keskiviikko 16. maaliskuuta 2011

Parsing command-line arguments with Haskell

I'm writing this because I found yet another great thing about Haskell: it's actually a nice language for writing command-line tools! A command-line tool written in Haskell reads like the manual for the tool. Pattern matching makes it easier and cleaner than in any other language (prove me wrong).

You can match exact strings for commands like "init", "update", "status", as well as any number of following arguments that you can use in the implementation of that command.

    main = getArgs >>= rebass

rebass ["init", name] = do
-- init using given name, ignore rest of arguments
rebass ["update"] = do
-- update, ignore arguments
rebass ["status"] = do
-- show status, ignore arguments
rebass _ = do
-- show usage as none of the patterns matched

Here's what I'm working on btw:

tiistai 15. maaliskuuta 2011

Cooking delicious fish

Many Haskell newcomers stumble when presented with wonderful but abstract utility functions from the stdlib. This is mostly because Haskell documentation lacks easy to understand usage examples. In this short entry I will introduce one such nice function and an example how to use it.

Like a good Haskell citizen, let's start with its type signature:

    (a -> m b) -> (b -> m c) -> (a -> m c)

So, those are the ingredients that go along with a fish >=>, the name of the function1. Operators (functions with symbolic names) in Haskell are used in an infix form:

    x1 >=> x2

Here x1 has a type (a -> m b) and x2 has a type (b -> m c). The type of x1 >=> x2 is therefore (a -> m c). Now let's put all that aside for awhile and approach this example from a different angle.

Parse, convert and validate

A common programming task in a networked world is to parse some input data coming from a user. It needs to be parsed, converted to a proper type and often validated too.

    parseAge :: String -> Maybe Int
parseAge s = case reads s of
[(age, "")] -> Just age
_ -> Nothing

maxVal :: Int -> Int -> Maybe Int
maxVal x y | y > x = Nothing
| otherwise = Just y

minVal :: Int -> Int -> Maybe Int
minVal x y | y < x = Nothing
| otherwise = Just y

I'm using a Maybe type here since it is the most simple type which can represent failed computations. It is easy to replace that with a more sophisticated type, one capturing the failure reasons and other stuff but to keep the example short we will use a simpler type now. Anyway, given a set of such utility functions we would like to compose more complex functionality. This is where our fish excels.

    parseAge >=> (minVal 18) >=> (maxVal 24)

The above expression has a type (String -> Maybe Int) and it works as expected. We'll get Just x if age can be parsed as an integer, and it is at least 18 but at most 24. Otherwise we'll get Nothing.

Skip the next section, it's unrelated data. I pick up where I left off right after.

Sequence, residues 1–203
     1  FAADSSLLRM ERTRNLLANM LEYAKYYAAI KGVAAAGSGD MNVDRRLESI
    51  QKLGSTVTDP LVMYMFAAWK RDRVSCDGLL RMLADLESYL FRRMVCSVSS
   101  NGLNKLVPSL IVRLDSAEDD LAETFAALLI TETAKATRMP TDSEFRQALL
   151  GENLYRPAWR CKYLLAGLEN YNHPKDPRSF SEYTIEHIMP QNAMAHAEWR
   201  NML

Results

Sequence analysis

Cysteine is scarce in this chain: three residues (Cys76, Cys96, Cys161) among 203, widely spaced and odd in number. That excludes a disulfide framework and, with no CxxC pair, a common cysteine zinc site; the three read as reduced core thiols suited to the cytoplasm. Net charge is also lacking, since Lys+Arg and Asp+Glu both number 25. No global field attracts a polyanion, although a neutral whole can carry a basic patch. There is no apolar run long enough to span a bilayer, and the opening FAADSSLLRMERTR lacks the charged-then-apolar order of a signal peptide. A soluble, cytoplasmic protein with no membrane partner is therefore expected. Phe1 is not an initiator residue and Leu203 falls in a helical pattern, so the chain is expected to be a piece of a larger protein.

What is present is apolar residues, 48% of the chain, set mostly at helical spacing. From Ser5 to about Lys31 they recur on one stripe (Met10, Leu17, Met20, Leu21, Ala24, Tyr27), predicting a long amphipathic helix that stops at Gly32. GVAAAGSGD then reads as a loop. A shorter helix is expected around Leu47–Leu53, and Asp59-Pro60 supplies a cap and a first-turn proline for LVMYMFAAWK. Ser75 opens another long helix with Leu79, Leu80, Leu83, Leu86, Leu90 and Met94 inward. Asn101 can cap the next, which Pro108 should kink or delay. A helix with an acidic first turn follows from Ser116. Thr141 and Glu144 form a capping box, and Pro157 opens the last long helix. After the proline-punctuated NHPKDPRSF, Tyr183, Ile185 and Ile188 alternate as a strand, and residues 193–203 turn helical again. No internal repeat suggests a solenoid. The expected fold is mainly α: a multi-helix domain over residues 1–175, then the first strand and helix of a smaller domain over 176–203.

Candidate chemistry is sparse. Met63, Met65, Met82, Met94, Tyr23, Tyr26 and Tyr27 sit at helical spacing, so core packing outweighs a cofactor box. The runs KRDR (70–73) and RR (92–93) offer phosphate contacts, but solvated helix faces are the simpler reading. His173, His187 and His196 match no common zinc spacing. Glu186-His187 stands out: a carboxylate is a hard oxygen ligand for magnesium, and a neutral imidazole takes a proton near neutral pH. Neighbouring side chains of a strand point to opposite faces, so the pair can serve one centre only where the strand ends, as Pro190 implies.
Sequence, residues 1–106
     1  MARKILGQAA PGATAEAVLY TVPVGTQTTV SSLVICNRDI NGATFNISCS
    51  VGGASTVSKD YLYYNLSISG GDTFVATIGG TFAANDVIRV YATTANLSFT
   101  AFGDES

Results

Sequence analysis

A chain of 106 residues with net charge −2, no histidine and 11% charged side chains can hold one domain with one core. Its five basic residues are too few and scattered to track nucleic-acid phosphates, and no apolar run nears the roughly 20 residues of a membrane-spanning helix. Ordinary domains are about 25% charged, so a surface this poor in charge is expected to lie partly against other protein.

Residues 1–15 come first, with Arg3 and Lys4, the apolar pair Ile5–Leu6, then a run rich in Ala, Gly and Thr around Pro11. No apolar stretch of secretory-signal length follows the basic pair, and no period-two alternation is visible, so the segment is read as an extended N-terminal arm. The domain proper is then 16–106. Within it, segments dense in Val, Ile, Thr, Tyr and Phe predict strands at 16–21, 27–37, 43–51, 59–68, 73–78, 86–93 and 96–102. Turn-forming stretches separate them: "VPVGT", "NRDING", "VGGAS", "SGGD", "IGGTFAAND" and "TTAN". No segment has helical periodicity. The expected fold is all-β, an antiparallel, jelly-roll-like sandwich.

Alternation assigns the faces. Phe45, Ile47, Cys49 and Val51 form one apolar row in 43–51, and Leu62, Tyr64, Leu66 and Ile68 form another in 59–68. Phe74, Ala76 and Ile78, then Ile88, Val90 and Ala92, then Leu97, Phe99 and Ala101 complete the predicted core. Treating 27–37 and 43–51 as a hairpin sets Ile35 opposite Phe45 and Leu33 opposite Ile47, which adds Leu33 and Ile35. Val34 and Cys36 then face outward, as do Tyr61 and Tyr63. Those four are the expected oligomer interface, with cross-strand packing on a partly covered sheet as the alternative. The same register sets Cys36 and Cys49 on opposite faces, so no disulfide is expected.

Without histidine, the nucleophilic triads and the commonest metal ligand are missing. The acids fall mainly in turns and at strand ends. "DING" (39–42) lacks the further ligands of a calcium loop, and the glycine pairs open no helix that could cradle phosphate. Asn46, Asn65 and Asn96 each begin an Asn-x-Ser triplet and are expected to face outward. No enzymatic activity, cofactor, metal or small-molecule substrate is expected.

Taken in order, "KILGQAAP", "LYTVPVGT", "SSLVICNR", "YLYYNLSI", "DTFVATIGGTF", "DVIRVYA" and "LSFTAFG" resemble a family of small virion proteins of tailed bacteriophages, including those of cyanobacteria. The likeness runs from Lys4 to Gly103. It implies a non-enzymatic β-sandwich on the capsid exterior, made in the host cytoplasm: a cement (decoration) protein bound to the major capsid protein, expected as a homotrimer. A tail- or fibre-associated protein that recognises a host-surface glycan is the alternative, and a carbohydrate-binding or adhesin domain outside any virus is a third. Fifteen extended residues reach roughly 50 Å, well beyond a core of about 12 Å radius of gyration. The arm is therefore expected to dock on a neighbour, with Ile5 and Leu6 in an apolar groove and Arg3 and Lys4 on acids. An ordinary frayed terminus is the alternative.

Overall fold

> :m +Control.Monad
> let pAge = parseAge >=> (minVal 18) >=> (maxVal 24)
> pAge "20"
Just 20
> pAge "20a"
> pAge "17"
> pAge "25"


Functions are often composed in Haskell with . function. However, that simple composition function won't work if the functions composed are monadic functions (a -> m b). Monadic functions can be composed with >=> function.

  1. The real name of the function is Kleisli composition, but the operator symbol selected for that function looks a lot like a fish. ↩

maanantai 14. maaliskuuta 2011

Haskell Knows Your Latvian Name

My colleague presented a devilishly clever, yet simple algorithm for generating a Latvian version of your name. Here's the implementation in Haskell:

    import System.Environment(getArgs)
main = do
args <- getArgs
putStrLn $ latvian args
latvian = unwords . map (++ "s")

Copy this code to a file, say latvian.hs then

    runhaskell latvian.hs <your name>

And you'll know what you'd be called in case you were lucky enough to be born in Latvia.'

sunnuntai 13. maaliskuuta 2011

How to set up Haskell on Mac OS X

This guide assumes, that you have the brilliant Homebrew installed. If not, I recommend that you go to the Homebrew homepage and install it first.

Resetting Cabal and GHC package database

Sometimes you fiddle around your installation, and end up with messed up system that won't compile anything non-trivial. Cabal might have gotten into twist. In this case, the easiest solution sometimes is to do a reset and reinstall. It won't take much time, but allows you to have clean slate.

Magic incatations needed for cleanup are following:

    brew uninstall haskell-platform ghc  
rm -rf ~/.ghc ~/.cabal

These commands uninstall ghc (the haskell compiler) and haskell-platform (the standard library) and remove local databases.

Set up Haskell

Using brew, install haskell-platform with ghc (if brew formula for ghc is missing, it's likely that ghc has been rolled into haskell-platform).

    brew install ghc haskell-platform

After the haskell-platform has been installed, update cabal database with command

    cabal update

Add cabal binaries to PATH

This step depends a lot on your default shell. For bash, open ~/.bashrc to an editor of your choice, and add following line to the end:

    export PATH=$PATH:~/.cabal/bin

Next, take the new PATH to use with command

    source ~/.bashrc

Final words

Now you should have a working Haskell installation. Please note that sometimes your cabal installation may go corrupt (unsatiable or conflicting dependences) - in this case, you may need to use the reset described in the (first section.